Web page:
Last year, Mindy MacDonald went hunting a Hatchimal a few weeks before the holiday.
"I found there was nothing in the stores, nothing online. Everything was sold out. I went everywhere I could think of," said parent Mindy MacDonald.
Since it was her daughter's big Christmas wish, her family cracked under pressure, found one available on eBay and shelled out quite a bit.
"$120 dollars for it which I think is almost double retail what it was going for back then."
The Hatchimal shortage was due in part to the use of scalper bots, short for robots -- specifically designed to do one thing. Buy mass quantities of a particular item in a matter of moments.
"This is their sole purpose. They are created for speed and you're just not going to beat them," said Consumer Reports security and privacy expert Bree Fowler.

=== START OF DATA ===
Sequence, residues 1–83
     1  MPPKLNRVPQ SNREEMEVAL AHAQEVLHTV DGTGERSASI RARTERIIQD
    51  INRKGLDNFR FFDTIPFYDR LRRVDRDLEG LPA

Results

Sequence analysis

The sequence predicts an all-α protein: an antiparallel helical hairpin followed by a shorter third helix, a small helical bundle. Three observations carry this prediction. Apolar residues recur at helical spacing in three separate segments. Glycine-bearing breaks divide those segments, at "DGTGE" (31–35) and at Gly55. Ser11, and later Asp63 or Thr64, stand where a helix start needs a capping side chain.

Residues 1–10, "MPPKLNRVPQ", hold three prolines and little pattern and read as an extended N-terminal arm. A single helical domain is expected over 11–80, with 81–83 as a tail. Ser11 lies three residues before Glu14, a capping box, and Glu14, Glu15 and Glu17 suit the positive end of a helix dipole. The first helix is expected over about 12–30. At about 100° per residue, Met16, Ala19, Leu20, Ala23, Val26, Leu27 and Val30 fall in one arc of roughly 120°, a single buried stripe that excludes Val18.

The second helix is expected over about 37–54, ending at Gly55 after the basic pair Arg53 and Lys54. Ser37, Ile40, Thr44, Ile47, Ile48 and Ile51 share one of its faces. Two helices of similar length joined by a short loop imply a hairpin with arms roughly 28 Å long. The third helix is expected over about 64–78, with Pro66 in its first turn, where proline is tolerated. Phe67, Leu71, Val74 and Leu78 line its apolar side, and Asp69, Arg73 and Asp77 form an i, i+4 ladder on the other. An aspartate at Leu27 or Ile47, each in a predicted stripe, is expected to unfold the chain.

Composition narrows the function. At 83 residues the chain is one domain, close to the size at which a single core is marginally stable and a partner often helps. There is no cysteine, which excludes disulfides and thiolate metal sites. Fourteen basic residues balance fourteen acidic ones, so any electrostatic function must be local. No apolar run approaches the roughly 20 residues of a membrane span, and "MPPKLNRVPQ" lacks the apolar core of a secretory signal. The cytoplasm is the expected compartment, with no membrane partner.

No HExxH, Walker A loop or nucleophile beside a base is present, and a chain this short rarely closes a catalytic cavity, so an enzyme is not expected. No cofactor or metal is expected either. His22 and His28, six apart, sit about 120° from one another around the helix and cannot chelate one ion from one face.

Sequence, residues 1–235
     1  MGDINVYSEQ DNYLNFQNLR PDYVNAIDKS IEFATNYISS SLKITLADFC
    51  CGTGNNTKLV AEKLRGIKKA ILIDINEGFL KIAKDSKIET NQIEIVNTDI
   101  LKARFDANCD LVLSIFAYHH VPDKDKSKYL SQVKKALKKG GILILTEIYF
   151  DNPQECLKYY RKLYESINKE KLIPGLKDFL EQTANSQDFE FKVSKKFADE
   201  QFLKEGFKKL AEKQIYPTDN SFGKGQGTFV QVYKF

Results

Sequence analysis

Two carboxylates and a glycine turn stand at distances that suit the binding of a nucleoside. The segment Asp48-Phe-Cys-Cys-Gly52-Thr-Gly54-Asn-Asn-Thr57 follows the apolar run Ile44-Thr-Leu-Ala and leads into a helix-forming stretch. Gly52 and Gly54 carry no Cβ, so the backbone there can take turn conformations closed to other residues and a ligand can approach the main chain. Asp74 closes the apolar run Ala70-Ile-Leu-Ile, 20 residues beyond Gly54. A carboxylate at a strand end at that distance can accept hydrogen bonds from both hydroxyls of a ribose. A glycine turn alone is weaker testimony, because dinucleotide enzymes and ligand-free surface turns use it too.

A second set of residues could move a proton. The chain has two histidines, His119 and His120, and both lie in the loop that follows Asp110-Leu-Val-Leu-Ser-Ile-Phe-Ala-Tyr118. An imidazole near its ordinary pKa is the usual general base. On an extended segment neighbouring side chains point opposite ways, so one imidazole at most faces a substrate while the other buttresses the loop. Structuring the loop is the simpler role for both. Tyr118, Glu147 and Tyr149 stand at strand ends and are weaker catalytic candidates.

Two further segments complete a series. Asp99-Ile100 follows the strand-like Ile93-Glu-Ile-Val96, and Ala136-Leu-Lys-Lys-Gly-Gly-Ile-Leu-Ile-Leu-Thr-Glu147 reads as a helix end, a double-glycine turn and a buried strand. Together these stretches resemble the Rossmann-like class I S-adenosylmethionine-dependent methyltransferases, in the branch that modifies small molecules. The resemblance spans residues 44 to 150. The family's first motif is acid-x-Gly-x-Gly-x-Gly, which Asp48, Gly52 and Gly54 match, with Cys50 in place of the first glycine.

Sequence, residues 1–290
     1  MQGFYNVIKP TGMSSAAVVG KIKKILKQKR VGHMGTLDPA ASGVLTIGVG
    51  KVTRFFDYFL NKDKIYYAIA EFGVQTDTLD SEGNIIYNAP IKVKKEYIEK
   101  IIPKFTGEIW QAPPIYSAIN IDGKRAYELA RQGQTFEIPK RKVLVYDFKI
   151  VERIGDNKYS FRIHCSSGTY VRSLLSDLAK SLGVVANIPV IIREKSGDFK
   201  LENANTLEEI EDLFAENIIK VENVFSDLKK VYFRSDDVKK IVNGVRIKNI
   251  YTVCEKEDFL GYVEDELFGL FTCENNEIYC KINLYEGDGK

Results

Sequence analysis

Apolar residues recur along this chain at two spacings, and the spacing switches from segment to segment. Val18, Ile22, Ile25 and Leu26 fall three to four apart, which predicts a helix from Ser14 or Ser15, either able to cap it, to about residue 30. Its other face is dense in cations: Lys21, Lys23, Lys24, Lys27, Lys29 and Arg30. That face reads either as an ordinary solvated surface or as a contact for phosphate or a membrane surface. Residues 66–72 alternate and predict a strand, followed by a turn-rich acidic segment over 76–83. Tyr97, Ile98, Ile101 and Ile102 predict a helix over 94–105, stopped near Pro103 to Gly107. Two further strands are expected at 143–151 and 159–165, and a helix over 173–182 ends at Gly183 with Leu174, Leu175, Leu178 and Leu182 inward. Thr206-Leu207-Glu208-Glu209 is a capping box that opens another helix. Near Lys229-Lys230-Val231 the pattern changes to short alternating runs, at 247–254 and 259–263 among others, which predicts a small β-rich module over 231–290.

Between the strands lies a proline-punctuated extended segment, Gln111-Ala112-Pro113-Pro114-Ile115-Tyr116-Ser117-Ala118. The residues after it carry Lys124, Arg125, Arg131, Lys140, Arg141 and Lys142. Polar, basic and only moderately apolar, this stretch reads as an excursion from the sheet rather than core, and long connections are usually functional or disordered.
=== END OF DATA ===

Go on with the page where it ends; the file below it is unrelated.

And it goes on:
Once they buy up as many as they can, they turn around and sell them on the secondary market at a premium.
"Sometimes 2, 3, 4 times more than what you would be paying in the store."
Scalpers have used this technology for years to snatch up tickets to concerts or sporting events. The BOTS Act or better online ticket sales act of 2016 -- tried to end to that practice but the law only applies to tickets, leaving scalpers to move on to things like toys or sneakers. Not illegal, but frustrating for consumers like MacDonald -- who places bot users on the naughty list.
"I feel like people are taking advantage of other people's desperation."
So how do you get the must-have toy without getting played? Bree Fowler of Consumer Reports says you won't beat the bots, so try to get ahead of the trend.
"When there are pre-orders for things like the Nintendo systems, you can get online and try your best. It also pays to shop early. Get in before the hype."
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